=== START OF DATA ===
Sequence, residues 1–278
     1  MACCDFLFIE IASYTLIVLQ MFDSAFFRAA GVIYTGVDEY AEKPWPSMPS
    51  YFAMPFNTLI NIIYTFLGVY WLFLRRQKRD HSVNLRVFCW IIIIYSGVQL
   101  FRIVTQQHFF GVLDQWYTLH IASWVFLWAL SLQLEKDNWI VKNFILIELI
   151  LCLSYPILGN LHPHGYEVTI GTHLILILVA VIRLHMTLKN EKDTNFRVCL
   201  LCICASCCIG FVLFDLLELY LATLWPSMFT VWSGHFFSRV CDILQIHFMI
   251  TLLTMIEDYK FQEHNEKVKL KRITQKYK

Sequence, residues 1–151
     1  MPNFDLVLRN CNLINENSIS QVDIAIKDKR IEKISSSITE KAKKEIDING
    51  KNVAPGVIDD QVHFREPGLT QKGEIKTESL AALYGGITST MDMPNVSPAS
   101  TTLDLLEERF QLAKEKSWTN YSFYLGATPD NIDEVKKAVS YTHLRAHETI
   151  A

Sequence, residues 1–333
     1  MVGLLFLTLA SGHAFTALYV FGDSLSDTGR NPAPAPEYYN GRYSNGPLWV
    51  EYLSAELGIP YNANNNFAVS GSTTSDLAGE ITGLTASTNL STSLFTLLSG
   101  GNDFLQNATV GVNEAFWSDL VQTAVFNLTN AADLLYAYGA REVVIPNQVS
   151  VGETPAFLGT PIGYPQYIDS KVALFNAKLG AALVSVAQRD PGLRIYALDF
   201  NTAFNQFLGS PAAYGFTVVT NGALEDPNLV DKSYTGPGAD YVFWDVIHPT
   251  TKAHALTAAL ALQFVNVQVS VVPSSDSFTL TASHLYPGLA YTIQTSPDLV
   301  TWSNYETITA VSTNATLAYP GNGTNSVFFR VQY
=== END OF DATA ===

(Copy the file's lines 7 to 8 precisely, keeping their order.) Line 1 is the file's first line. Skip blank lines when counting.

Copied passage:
   251  TLLTMIEDYK FQEHNEKVKL KRITQKYK

Sequence, residues 1–151